The City of Austin (City) engaged Raftelis to conduct a series of continuous improvement initiative studies in consultation with the City’s Office of Performance Management (OPM). The purpose of these studies was to identify specific strategies to improve the efficiency of municipal government operations and the value of government services delivered to the community. The project team and OPM developed a formal project work plan that identified the scope and key objectives for a review of six of the City’s departments – Fleet Mobility Services, Communications & Technology Management, Building Services, Human Resources, Financial Services, and Communications & Public Information. For each of these departments, our project team was tasked with reviewing the value streams within the department, including service to customer departments, and recommending enhancements to improve operations and cost-effectiveness. We have now begun working with each department to implement the recommendations included in the initial assessments.
Raftelis conducted a water and wastewater cost-of-service rate study for the City of Austin Water Utility (AW). The project included cost-of-service and rate studies for the water and wastewater utilities and development of cost-of-service and rate models. Raftelis led/facilitated 10 public meetings each to educate the Public Involvement Committee (PIC) and the Wholesale Involvement Committee (WIC) about issues relating to cost-of-service methodologies and rate design. Raftelis prepared and presented information on select topics to PIC, WIC, and the AWU Executive Committee. These topics included: utility versus cash basis revenue requirements, fire protection costs and allocation, water use costing, test year selection, wholesale versus retail cost assignments, etc. The final product included a cost-of-service rate model for future use by AW.
AW’s wholesale water and wastewater rates are regulated by the Public Utilities Commission of Texas (PUCT) and have been the subject of litigation centered on what costs are appropriately included in the revenue requirements of wholesale customers. Raftelis provided expert witness and technical support that included a detailed assessment of the revenue requirement determination and cost-of-service processes. We also developed entirely new water and wastewater cost-of-service models that were specifically designed to show the PUCT and other interested stakeholders, in a fully transparent and easily understandable manner, how AW’s cost-of-service rates are calculated. For example, the new models show how wholesale customer revenue requirement disallowances ordered by the PUCT are allocated from wholesale customers to each individual retail customer class through each step of the cost allocation process. They also allow AW to transparently illustrate how each retail customer class will be impacted by wholesale revenue requirement reductions determined as part of a negotiated settlement process.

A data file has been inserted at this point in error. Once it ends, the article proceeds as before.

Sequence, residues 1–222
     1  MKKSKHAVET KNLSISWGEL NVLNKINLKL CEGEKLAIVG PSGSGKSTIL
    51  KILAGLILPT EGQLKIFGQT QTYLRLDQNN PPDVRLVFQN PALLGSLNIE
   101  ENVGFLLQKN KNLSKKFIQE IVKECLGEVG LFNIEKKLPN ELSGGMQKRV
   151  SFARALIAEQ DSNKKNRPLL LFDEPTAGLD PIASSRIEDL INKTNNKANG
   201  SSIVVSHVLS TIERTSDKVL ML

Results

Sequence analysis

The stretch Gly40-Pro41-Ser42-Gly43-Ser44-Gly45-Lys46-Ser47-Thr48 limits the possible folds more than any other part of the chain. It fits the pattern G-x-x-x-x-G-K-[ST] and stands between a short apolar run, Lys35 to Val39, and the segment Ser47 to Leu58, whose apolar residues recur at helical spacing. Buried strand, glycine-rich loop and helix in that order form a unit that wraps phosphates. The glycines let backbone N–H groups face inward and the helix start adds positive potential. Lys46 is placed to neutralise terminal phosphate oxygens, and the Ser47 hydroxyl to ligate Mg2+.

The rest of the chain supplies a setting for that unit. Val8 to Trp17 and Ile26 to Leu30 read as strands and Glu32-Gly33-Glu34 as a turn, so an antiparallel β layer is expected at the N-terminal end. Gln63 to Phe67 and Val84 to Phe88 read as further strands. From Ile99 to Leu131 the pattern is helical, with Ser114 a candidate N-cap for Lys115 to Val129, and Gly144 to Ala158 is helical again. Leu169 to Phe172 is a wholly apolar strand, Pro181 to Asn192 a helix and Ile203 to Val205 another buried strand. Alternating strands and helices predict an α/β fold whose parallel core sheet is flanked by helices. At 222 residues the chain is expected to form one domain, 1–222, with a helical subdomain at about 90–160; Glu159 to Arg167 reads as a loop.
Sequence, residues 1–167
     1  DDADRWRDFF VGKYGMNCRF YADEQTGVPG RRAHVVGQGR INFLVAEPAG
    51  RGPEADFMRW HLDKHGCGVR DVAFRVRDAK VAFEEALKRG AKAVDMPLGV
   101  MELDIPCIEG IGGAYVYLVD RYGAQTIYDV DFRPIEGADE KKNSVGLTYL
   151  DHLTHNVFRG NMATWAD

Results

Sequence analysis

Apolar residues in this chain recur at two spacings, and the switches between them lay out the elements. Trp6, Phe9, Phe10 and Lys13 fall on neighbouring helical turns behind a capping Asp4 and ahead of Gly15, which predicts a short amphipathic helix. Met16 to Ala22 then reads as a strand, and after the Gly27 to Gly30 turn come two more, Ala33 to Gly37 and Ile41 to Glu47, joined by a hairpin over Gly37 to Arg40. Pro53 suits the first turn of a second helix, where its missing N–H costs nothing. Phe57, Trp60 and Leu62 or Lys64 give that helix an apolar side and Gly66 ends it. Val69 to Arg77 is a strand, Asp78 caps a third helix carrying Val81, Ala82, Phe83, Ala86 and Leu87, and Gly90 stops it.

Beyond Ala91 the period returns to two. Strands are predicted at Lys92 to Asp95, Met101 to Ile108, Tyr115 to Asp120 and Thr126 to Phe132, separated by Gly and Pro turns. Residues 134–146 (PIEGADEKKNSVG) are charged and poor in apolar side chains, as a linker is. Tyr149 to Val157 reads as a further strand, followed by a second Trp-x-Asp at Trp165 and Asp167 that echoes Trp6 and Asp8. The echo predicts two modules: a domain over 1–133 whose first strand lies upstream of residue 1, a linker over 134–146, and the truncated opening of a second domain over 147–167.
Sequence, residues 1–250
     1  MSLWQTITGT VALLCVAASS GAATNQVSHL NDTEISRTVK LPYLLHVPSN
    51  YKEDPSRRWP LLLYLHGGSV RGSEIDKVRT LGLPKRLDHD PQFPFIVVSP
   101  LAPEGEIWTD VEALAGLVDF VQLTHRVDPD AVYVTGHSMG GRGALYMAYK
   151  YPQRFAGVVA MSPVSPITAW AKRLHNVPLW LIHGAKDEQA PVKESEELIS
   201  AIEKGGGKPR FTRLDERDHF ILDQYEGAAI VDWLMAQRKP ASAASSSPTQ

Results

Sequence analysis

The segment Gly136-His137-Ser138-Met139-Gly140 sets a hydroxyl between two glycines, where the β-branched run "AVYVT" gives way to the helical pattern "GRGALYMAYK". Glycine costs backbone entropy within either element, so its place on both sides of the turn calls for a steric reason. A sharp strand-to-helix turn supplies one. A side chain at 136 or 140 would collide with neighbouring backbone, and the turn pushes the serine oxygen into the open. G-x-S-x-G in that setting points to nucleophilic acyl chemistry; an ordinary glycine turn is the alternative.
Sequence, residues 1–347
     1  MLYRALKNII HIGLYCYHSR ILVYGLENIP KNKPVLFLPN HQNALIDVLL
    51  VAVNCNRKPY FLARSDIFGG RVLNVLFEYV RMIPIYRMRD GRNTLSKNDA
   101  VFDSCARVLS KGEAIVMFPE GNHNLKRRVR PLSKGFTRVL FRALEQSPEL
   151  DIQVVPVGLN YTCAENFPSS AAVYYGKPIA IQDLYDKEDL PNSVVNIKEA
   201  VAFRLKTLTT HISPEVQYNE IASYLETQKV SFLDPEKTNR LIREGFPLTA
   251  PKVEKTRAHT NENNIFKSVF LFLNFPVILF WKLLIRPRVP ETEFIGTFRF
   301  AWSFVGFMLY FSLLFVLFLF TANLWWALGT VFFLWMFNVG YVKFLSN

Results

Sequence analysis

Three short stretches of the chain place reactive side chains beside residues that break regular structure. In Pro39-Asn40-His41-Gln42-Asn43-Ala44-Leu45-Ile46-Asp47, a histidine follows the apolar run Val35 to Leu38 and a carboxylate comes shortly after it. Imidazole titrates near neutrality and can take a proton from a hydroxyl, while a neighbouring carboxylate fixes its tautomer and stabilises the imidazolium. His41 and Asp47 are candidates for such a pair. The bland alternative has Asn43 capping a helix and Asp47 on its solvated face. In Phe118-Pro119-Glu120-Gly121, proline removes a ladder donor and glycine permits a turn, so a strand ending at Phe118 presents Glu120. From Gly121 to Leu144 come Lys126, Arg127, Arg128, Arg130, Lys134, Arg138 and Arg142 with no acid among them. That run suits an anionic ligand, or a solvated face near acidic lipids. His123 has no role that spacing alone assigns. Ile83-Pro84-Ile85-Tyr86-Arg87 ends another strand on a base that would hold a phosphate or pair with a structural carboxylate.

AW maintains a comprehensive Customer Assistance Program (CAP) that provides direct volumetric rate discounts to qualifying economically disadvantaged customers. Approximately 18,000 residential water customers and 16,000 residential wastewater customers currently participate in the CAP which provides volumetric rate discounts of approximately 8% to 20% depending on the consumption TIER in question. The CAP is funded by a surcharge (known as the Community Benefit Charge) of $0.15 per thousand gallons added to the volumetric rates of other retail customers. In fiscal year 2017, retail customers provided approximately $5.4 million in funding to reduce the volumetric rates for water customers participating in the CAP and approximately $3.9 million for participating wastewater customers. The new water and wastewater models developed by Raftelis were also specifically designed to provide full transparency regarding the exact amount of funding each retail customer class provides to customers participating in the CAP. This is accomplished by showing the reallocation of the cost-of-service revenue requirement from CAP customers to other retail customer classes based on their projected billed water consumption/billed wastewater discharges.
AW has long been an industry leader in customer outreach and education. As part our work, Raftelis led/facilitated 10 public meetings each to educate AW’s Public Involvement Committee (PIC) and the Wholesale Involvement Committee (WIC) about a variety of financial planning, cost-of-service, and rate design issues including: the criteria used by credit ratings agencies to determine municipal utility bond ratings; the balancing of revenue requirements and debt service coverage ratios and cash reserve levels; the use of utility versus cash basis revenue requirement methodologies; and the appropriateness of allocating reclaimed water costs to wholesale customers who do not directly receive reclaimed water service.
Raftelis has also assisted the City and AW in litigation brought by four of its wholesale water and wastewater customers before the Texas Public Utilities Commission. The litigation centered on the types of costs included in the revenue requirements that are allocated to both retail and wholesale customers. Raftelis provided expert witness testimony and support that included a detailed assessment of the revenue requirement determination and costs of service processes.
Raftelis participated as the City’s rate expert on Docket No. 49189. Raftelis submitted testimony for the case. Subsequently the application was withdrawn.